In this thesis, I explore the context of a health food store/consumer food cooperative with an anthropological lens through integrating the meaning generated by shoppers with larger structural processes in the United States. To accomplish this, I illustrate research I conducted in an applied internship at the Sierra Vista Food Co-op in Sierra Vista, Arizona, where I executed a multi-faceted qualitative research design that informed a market study for the Sierra Vista Food Co-op organization and also the data for this thesis. In my analysis of the data I collected throughout the Sierra Vista Food Co-op internship, I uncovered a grouping of three narrative-based concepts in shopper’s descriptions of health and wellness in relation to the store and the USDA Organic labeled products housed within, which I refer to as trust, mistrust, and information seeking. In the chapters of this thesis, I outline the themes of trust, mistrust, and information seeking for Sierra Vista Food Co-op shoppers in detail through analytical descriptions coupled with quotes from shoppers. I then illustrate a theoretical framework through which I argue that USDA Organic policy and the subsequent USDA Organic label serves to commodify consumer sentiments of trust and mistrust in the larger health food market of the United States. I frame the commodification of consumer sentiments of trust and mistrust with the concepts of bio and disciplinary power, discourse, and the body through utilizing the perspective of poststructuralism and the work of Michel Foucault (1978). Through this theoretical framework, I also demonstrate how the theme of information seeking stands as an example of a process in which Sierra Vista Food Co-op shoppers actively constitute health and wellness modalities and ultimately forms of being in the world.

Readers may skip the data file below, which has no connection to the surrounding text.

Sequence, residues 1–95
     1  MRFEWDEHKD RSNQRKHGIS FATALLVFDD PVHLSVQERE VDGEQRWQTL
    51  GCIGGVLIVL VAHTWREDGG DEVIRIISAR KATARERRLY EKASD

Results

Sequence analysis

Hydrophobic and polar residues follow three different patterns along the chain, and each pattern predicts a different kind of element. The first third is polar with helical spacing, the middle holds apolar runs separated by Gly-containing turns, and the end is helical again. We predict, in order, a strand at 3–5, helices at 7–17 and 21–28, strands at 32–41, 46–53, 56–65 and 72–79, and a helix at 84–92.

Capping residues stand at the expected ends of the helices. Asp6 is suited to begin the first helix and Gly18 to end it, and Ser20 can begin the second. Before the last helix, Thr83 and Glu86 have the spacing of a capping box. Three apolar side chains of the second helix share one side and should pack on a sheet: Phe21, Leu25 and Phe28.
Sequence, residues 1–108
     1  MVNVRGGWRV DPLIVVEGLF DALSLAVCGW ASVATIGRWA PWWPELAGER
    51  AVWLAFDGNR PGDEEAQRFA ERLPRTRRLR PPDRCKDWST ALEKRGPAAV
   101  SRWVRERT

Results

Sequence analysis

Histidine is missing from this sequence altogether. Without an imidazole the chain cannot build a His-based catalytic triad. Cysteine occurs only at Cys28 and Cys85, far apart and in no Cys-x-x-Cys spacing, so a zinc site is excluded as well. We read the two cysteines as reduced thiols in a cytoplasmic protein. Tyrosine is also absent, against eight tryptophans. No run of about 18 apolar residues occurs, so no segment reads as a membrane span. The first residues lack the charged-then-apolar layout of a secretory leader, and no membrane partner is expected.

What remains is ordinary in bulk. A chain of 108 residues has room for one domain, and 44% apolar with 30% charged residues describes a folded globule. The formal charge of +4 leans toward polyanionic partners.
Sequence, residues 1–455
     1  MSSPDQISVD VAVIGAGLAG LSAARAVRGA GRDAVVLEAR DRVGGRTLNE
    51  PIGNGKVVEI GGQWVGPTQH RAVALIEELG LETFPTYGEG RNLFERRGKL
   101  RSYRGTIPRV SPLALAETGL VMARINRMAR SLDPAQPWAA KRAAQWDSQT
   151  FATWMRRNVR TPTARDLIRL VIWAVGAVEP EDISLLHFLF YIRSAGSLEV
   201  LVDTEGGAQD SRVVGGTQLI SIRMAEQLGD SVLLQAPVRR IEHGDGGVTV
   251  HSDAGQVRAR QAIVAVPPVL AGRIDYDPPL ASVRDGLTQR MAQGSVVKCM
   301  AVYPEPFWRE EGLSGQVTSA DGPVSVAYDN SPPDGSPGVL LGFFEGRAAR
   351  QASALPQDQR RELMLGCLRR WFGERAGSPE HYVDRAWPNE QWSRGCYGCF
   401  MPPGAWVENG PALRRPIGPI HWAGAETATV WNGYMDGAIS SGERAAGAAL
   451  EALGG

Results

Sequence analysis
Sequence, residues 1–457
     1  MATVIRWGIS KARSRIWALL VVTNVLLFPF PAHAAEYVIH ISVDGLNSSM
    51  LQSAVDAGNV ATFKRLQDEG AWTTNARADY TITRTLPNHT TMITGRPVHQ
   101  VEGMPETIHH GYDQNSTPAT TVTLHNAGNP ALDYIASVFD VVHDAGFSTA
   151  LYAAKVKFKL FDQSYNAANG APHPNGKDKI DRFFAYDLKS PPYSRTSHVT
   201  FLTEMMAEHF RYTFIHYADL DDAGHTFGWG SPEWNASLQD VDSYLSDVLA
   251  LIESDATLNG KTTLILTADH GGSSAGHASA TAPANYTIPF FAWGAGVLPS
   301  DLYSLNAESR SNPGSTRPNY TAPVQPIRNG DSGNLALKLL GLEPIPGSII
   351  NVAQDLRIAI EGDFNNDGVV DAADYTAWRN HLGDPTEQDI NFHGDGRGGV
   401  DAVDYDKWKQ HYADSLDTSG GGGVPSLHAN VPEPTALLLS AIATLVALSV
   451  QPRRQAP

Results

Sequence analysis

|Advisor:||Hardy, Lisa J.|
|Commitee:||Smiley, Francis E., Vasquez, Miguel L.|
|School:||Northern Arizona University|
|School Location:||United States -- Arizona|
|Source:||MAI 54/06M(E), Masters Abstracts International|
|Subjects:||Cultural anthropology, Food Science, Nutrition|
|Keywords:||Arizona, Food, Health and wellness, Policy, Postructuralism, Power|
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